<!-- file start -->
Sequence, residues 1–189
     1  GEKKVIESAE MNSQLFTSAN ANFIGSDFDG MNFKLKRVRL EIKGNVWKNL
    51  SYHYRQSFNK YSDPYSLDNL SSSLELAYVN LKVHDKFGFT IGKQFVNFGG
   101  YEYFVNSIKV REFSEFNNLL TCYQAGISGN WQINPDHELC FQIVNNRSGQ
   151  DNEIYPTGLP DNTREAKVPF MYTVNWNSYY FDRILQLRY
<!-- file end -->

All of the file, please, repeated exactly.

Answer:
Sequence, residues 1–189
     1  GEKKVIESAE MNSQLFTSAN ANFIGSDFDG MNFKLKRVRL EIKGNVWKNL
    51  SYHYRQSFNK YSDPYSLDNL SSSLELAYVN LKVHDKFGFT IGKQFVNFGG
   101  YEYFVNSIKV REFSEFNNLL TCYQAGISGN WQINPDHELC FQIVNNRSGQ
   151  DNEIYPTGLP DNTREAKVPF MYTVNWNSYY FDRILQLRY